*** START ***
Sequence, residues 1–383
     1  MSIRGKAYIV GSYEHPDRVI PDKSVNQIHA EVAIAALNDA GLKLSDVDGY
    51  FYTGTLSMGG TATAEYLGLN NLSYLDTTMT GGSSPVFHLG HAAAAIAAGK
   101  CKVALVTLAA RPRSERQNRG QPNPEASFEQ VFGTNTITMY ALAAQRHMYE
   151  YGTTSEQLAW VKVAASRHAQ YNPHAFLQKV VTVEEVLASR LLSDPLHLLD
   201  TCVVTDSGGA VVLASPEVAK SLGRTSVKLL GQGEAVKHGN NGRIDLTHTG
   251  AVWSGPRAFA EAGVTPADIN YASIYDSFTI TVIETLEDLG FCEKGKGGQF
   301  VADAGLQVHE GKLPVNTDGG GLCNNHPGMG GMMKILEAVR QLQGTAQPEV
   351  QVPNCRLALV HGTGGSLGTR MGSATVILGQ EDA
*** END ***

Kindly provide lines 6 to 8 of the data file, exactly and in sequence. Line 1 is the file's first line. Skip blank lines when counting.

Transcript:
   201  TCVVTDSGGA VVLASPEVAK SLGRTSVKLL GQGEAVKHGN NGRIDLTHTG
   251  AVWSGPRAFA EAGVTPADIN YASIYDSFTI TVIETLEDLG FCEKGKGGQF
   301  VADAGLQVHE GKLPVNTDGG GLCNNHPGMG GMMKILEAVR QLQGTAQPEV